The commitment of the actors to their characters, extra challenging when shifting in and out of them throughout the action. The costume changes were most necessary for depicting which character was on stage with the actor when the character was in more of a supporting role to the main action. The actors were consistent in their voice, demeanour, posture, for each character they portrayed, that even without the costumes you would know the difference between D'Arcy, Wickham, and Collins (yep, those three by the same actor, who also played Mary!); between Mrs Bennett, Bingley, and Mrs Gardner; between Jane and Lydia, or Mr Bennet, Mr Gardner, Col. Fitzwilliam, Caroline Bingley, and Lady Catherine De Burgh (yes, those characters all embodied by the same person!). Kitty was played by four of the five actors during the course of the action, and D'Arcy's coat and a wig on various other actors represented him on stage for such memorable encounters as with Wickham and Collins. The technicalities for all this were handled with aplomb, and with only one or two slight hitches, which were also handled with ease of skill and good humour by all. 
Apparently some have criticised the abridgement of this version of the play: I have no quarrels with it, though Heather and I agreed that our intimate familiarity with both the story by Austen, and the history of adaptations of Pride and Prejudice, enabled us to fill in the gaps and appreciate this re-telling. I am sure I have written here before of my love for adaptations and re-tellings of stories, and the way that they participate in an ongoing conversation with the original story, which really is never 'original', because it is new every time it is encountered, whether read in a book, seen on the stage or a screen or canvas, or heard in music. (For more on that, I refer you to my scholarly work of articles and a certain PhD thesis just finished). 
I loved the humour and intimacy in the relationship between Lizzy and her Aunt Gardner, but didn't think the intimacy between Lizzy and her father was quite as evident as it is in other tellings of the story. I loved being front row on our rug, but felt a little disconnected and as if the actors were talking above the audience, because it is difficult for actors to make eye contact downwards from a raised stage to those sitting on the grass. The dance between Lizzy and D'Arcy at Netherfield was really nicely staged, as was the reading of the letters. Some letters were read by the family all huddled together in a repeated staging that, for me did two things: 1, it drew attention to the family dynamic of the time, and the intimate involvement in each other in the life of the whole; 2, conversely, it highlighted Mary's place on the outer of much of the action and the life of the family, as she was always at the back of the huddle, looking over the shoulders of everyone else, and for the final huddle, she gave up and left the scene (or that's how I interpreted the action there). Other staging decisions that I thought were effective were the use of minimal furniture - a bench, two chairs, and two wicker chests - and the use of scenes in carriages, including the two male actors taking turns to represent the driver and horses (coconut shells), on their haunches in front of the others on bench/chest carriage, with a 'yah' to signal to all the actors, so that all bounced along on the road together. Wonderfully choreographed.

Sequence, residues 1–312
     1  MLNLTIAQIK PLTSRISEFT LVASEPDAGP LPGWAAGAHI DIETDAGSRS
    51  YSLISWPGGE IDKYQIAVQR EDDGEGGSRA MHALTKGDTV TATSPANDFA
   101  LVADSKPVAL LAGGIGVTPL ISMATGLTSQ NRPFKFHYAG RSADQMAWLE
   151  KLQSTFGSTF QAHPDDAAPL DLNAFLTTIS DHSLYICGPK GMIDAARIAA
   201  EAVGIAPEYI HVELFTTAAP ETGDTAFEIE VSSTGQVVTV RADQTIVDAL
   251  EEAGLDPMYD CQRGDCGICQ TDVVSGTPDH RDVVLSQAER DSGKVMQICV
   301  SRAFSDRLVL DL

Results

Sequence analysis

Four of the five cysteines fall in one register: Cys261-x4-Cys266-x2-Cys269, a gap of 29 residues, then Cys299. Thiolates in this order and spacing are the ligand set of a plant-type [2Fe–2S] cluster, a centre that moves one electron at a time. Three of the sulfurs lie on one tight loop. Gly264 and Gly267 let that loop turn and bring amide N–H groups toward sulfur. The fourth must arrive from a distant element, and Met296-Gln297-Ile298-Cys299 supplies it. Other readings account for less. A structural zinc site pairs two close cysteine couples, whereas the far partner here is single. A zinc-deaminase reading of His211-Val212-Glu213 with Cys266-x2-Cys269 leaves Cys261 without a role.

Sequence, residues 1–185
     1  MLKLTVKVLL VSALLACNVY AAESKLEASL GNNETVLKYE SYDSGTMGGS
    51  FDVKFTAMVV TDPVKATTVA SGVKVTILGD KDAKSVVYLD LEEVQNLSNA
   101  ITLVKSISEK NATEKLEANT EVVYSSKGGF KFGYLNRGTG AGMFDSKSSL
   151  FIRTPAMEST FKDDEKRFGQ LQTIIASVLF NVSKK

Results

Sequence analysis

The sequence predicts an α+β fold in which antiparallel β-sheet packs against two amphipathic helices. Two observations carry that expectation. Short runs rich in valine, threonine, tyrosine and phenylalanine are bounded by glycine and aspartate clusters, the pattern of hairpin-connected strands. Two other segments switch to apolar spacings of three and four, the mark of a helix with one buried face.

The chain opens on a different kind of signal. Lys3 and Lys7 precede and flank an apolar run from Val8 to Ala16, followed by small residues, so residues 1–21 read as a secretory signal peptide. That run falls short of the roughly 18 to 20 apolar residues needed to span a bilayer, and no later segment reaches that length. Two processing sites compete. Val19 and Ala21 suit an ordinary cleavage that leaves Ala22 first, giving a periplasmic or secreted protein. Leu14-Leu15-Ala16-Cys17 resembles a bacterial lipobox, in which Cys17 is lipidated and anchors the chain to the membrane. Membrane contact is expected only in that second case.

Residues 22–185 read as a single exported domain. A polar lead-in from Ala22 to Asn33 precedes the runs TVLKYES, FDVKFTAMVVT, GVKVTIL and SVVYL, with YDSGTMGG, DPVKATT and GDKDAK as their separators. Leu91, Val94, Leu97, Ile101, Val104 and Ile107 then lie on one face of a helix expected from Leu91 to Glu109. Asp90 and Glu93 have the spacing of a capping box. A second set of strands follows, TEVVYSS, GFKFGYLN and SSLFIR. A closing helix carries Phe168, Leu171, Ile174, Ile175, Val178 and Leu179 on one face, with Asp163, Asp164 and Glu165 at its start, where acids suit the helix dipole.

There was more, I am certain, but that will suffice to depict the causes of my sighs of wonder throughout the evening. We were all also grateful for a perfect evening of weather. 

Just in case you thought that was enough joy for one weekend, apparently Heather thought not. For after she had led church in the morning and we'd had lunch, we returned to Paxton House for their Summer Fayre, and took a turn about the gardens, and a tour of the house itself. 

The view of the river

The house from the lawn / croquet pitch

Garden, inviting lane

Lily pond. Sigh. 

Add caption

I love this grass.The curved part of the building
behind it is the servants' passage from kitchen
on the left (the right of the house as you look at it)
to the house. 

The servant's passage.

I want to live there. Georgian houses are my favourites, there was elegant Chippendale furniture in every room, beautiful wallpaper and hangings and staircases and furnishings and .... I got to play the box piano in the withdrawing room (squee! but I couldn't think of anything much to play!!), and Heather sang in the purpose build picture gallery that now hosts many music performances (the acoustics are lovely). Heather delighted in my delight as with each room we entered I gasped and sighed like a kid in a candy store. I can't even begin on the library. I can't show you inside, no photos allowed: sorry.